Human-produced (conspecific) action sounds are likely to represent another distinct category of real-world sound (De Lucia, Camen, Clarke, & Murray, 2009; Engel, Frum, Puce, Walker, & Lewis, 2009; Doehrmann, Naumer, Volz, Kaiser, & Altmann, 2008; Galati et al., 2008; Lahav, Saltzman, & Schlaug, 2007; Gazzola, Aziz-Zadeh, & Keysers, 2006; Lewis et al., 2005, 2006; Bidet-Caulet, Voisin, Bertrand, & Fonlupt, 2005; Pizzamiglio et al., 2005). In particular, the above studies indicate that human action sounds preferentially or selectively activate fronto-parietal networks, including presumed mirror-neuron systems, and bilateral posterior temporal regions. Processing in these regions is thought to reflect experience-based probabilistic matching to one's own motor repertoire of sound-producing actions, such that a listener may effectively “embody” conspecific action sounds (or visual actions) as one means for generating a sense of meaning and behavioral relevance behind the sound, consistent with embodied or grounded cognition models (Barsalou, 2008).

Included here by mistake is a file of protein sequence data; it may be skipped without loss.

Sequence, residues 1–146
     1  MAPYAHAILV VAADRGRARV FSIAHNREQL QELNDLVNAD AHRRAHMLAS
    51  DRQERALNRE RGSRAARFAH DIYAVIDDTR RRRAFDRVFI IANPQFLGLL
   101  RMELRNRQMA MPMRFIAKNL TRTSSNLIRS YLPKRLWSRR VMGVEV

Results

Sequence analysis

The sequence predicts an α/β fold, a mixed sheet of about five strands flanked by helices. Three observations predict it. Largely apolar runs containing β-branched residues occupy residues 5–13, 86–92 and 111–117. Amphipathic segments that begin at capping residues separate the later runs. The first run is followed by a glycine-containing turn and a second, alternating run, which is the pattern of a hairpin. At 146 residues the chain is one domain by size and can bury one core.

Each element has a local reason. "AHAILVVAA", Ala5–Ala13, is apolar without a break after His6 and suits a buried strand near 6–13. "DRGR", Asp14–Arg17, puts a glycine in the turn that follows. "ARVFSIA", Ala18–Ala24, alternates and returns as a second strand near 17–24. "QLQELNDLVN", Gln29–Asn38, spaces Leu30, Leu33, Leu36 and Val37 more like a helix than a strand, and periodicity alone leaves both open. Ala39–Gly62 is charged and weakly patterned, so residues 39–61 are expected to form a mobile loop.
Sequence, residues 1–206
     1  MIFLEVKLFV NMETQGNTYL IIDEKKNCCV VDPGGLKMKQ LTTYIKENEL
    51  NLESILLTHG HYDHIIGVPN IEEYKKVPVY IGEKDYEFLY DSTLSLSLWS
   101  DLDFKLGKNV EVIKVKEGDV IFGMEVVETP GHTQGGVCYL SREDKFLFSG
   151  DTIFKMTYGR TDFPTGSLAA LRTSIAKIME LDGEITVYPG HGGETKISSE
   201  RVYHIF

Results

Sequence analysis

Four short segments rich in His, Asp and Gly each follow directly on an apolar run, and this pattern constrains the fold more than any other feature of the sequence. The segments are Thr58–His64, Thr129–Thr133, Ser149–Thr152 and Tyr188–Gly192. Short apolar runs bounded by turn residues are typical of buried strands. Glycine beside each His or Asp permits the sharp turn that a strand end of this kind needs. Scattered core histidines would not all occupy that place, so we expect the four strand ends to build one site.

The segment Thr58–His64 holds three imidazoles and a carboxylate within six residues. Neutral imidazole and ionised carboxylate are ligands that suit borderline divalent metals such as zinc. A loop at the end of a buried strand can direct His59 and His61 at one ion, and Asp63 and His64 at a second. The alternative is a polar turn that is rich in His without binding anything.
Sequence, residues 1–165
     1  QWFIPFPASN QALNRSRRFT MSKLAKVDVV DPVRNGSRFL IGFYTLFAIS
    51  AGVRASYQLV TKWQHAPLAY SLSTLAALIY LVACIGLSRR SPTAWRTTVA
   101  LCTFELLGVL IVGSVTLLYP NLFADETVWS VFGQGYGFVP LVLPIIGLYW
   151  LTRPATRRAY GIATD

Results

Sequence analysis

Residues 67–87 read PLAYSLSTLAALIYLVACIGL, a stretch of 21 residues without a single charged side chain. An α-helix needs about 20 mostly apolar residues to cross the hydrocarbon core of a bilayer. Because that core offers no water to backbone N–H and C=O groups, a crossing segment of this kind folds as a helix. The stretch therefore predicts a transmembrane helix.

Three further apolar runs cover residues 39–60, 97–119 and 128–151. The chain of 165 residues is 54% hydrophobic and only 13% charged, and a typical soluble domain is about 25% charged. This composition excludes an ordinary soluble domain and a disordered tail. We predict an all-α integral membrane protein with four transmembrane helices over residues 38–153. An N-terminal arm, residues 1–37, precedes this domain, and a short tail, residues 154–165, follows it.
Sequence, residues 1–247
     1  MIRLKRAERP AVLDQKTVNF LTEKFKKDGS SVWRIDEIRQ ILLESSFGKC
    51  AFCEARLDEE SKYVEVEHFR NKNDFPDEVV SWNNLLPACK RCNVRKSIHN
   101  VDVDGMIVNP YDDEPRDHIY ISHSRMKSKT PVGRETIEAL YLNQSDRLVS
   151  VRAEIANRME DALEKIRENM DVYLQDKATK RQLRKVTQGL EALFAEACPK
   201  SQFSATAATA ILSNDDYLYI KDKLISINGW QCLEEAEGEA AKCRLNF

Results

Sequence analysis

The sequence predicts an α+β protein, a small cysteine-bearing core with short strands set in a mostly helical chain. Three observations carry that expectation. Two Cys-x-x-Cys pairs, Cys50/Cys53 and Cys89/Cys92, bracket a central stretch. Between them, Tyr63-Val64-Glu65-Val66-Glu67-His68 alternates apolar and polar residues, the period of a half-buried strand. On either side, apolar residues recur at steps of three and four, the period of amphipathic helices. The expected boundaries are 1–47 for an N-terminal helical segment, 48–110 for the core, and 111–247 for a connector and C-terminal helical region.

With regard to the semantic categories of “living or animate things,” as identified in neuropsychological literature (e.g., Saygin et al., 2010), knowledge of human action sounds presumably represents just one acoustic subcategory. Thus, as a second category of action sound, we recently tested for and reported a dissociation of cortical networks for processing action sounds produced by nonhuman animals, thereby demonstrating distinct cortical representations for at least two subcategories of living action-sound sources (Engel et al., 2009). We also reported a dissociation of cortical networks for processing two acoustic subcategories of “nonliving things,” including mechanical and environmental sound sources (ibid). Although environmental sounds cannot be readily embodied by a listener, there is an ecological rationale for suspecting that these stimuli could be processed as a potentially distinct category of sound. However, automated machinery and their corresponding action sounds, represents a subcategory of nonliving things that have been around for less than 200 or so years. Thus, specific cortical networks for encoding knowledge representations for these two distinct categories of nonliving action sounds may, in part, be governed by different rules. Although the above-mentioned fourfold dissociation of cortical networks for different categories of sound sources was informative for models of knowledge representations, those results relied on measuring brain responses to novel sound samples presented out of context, and thus, one or some sound categories might have simply been more familiar to participants, thereby biasing the results. Consequently, it was unclear how “stable” this fourfold dissociation of network representations may have been, especially for the nonhuman action-sound categories.